While it is not a secret that the Veteranís Affairs hospital system has had inefficiencies for many years, the recent spotlight on veteransí long wait times for basic medical attention has made headlines for good reason.
Long wait times are dangerous and extremely costly, resulting in unnecessary emergency room use, advancement of medical illness, and possibly even death, when early intervention would have been life and cost saving. In short, we are failing our veterans.
The confirmation of former Procter & Gamble chairman Robert McDonald to lead the VA is a step in the right direction. The bureaucratic entanglement from which the VA has suffered will potentially benefit from a leader with private industry experience. The bipartisan legislation recently enacted by Congress is another key step and will help ensure the VA has critical additional resources to eventually hire more personnel and open new facilities. But we still need more.
Delivering high-quality care for veterans will mean going beyond our national status quo, because inefficiency and waste are unfortunately part of the fabric of U.S. health care. Just consider appointment timing.
Nationwide, a patient faces an average of an 18-day wait for a doctorís appointment. If the need for care is acute, that delay of preventative care means that a problem that could have been prevented yesterday is today out of control.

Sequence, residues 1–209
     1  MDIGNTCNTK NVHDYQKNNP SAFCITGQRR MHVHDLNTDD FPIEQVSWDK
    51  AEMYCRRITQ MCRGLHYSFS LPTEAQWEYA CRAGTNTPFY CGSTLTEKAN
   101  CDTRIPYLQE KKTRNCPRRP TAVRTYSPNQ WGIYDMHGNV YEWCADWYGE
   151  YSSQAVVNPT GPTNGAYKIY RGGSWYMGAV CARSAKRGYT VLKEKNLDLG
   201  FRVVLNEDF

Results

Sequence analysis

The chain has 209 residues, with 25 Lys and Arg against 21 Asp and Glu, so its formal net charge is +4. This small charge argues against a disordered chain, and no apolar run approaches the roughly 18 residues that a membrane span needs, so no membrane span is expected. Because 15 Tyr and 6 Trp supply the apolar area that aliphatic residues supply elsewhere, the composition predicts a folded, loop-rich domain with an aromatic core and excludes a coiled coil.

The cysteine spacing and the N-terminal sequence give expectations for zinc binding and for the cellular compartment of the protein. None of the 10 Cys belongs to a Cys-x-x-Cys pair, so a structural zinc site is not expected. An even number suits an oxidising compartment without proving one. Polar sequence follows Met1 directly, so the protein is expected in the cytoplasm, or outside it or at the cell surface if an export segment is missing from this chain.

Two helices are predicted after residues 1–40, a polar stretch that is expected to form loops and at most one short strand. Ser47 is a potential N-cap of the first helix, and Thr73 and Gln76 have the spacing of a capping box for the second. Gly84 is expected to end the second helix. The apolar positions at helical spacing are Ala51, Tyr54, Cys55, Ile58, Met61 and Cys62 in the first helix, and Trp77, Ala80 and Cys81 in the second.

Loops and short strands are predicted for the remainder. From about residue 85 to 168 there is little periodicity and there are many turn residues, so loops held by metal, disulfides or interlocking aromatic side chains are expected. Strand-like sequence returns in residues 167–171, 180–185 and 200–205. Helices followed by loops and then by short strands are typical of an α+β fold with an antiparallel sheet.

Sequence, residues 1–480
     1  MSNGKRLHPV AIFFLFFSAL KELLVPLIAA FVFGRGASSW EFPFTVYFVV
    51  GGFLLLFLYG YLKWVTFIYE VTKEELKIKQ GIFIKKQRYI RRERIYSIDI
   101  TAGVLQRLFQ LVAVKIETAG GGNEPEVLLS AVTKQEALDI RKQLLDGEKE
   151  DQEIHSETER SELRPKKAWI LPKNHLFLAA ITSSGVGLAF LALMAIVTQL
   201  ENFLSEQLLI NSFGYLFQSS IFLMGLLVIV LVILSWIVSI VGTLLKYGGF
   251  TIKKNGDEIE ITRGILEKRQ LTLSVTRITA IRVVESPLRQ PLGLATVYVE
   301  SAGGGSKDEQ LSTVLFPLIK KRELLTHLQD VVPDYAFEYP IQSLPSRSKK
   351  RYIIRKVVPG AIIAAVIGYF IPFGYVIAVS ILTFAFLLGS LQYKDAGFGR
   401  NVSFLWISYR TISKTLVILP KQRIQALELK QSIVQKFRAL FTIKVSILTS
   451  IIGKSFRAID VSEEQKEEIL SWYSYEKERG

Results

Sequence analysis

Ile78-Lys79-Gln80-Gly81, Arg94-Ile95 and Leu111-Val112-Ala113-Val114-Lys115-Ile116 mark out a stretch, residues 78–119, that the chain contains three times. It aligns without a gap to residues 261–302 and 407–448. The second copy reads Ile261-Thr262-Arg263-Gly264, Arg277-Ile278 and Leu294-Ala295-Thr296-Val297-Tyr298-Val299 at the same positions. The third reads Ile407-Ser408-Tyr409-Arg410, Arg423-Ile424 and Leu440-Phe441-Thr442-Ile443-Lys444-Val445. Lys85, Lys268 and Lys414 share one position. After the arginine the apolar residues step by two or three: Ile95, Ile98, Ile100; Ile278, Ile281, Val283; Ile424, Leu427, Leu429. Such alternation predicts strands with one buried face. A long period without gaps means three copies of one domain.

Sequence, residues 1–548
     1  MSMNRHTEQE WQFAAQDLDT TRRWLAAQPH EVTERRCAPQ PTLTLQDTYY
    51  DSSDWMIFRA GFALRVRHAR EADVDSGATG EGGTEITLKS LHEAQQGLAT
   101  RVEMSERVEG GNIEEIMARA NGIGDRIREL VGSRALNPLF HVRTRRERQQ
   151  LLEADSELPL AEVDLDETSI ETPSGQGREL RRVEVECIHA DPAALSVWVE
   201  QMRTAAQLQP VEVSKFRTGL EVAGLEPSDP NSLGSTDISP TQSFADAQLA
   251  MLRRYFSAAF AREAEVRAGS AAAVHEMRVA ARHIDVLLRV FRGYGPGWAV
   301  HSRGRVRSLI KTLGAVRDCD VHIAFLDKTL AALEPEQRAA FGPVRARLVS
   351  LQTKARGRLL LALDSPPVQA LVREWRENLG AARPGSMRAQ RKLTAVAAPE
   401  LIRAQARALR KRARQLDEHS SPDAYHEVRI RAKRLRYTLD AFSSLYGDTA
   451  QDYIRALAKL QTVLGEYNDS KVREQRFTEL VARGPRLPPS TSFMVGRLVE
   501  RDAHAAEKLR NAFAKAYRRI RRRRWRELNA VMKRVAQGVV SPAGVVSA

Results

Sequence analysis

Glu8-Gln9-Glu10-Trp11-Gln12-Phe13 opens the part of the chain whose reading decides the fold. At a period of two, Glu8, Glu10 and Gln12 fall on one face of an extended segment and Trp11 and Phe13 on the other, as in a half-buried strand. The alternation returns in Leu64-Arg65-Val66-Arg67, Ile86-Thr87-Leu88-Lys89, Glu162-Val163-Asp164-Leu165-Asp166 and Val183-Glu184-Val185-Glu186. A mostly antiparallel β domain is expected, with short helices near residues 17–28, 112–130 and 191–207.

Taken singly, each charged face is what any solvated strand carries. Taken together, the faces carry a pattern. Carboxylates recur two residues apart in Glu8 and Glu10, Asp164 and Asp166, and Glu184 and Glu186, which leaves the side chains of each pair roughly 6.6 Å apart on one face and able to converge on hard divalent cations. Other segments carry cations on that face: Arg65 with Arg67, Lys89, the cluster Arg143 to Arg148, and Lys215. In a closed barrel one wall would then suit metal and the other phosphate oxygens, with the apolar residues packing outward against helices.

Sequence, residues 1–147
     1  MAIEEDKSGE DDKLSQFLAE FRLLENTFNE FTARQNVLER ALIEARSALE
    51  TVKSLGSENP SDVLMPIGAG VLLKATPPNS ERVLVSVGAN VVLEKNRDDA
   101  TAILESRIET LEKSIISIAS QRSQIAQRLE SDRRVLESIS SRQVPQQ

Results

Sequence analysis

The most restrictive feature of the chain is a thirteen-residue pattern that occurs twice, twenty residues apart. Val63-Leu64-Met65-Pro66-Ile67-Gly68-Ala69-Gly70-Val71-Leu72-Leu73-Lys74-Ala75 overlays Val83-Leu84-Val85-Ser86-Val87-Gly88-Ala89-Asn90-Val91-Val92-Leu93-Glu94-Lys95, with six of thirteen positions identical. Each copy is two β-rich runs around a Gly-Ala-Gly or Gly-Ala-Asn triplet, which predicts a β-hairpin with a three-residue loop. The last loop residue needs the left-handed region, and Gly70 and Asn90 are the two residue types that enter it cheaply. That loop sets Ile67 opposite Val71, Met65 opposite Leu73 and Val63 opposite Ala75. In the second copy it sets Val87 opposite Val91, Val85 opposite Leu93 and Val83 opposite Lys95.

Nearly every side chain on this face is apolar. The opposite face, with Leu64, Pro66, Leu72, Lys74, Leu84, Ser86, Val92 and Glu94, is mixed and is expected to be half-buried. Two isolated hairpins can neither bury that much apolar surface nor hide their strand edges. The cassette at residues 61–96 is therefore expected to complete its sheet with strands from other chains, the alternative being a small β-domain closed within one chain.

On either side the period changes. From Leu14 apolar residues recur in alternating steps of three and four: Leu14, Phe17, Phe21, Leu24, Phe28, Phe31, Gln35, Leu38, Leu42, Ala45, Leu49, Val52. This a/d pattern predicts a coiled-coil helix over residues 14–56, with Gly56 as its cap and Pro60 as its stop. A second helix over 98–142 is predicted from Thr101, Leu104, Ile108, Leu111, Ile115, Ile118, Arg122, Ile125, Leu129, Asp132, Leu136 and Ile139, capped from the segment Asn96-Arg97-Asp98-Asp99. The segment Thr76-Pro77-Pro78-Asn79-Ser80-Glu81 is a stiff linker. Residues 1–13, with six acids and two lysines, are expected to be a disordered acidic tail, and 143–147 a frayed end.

These problems are not novel. We have seen advances in health care technology making sense of these issues. Companies offering online appointment scheduling, patient adherence apps, telemedicine, and more are already easing the strain such that some Americans can get the care they need when they need it. In these models, we have seen tools for strengthening and modernizing our health care infrastructure being polished, tested, and refined by real-world patient use. The VA could be an easy adaptor given the VA electronic medical record system was one of the first in the country and continues to be the largest integrated system. We are encouraged that the bipartisan legislation enacted by Congress takes this practical approach and sets up a task force to look at existing solutions that can be deployed at the VA.
The message is that Veterans need health care now, which means the VA needs infrastructural improvements yesterday. There is no valor in reinventing the wheel when solutions already exist. Veterans, and frankly all Americans, cannot afford the delay. Models that can be implemented quickly and efficiently already exist. We should, and we must, avail ourselves of those opportunities. These options are ready for adoption and will help ensure our veterans are able to quickly access the care they deserve.
Tom Daschle is a former Senate majority leader and a senior policy adviser at DLA Piper. Bill Frist is a former Senate majority leader and a cardiothoracic transplant surgeon.
Vice President Joe Biden waits to conduct a mock swearing-in ceremony with Sen. Brian Schatz, D-Hawaii, in the Capitol's Old Senate Chamber, December 2, 2014. Schatz was sworn in to serve the remainder of his term since he was appointed to the seat after Sen. Daniel Inouye, D-Hawaii, passed away.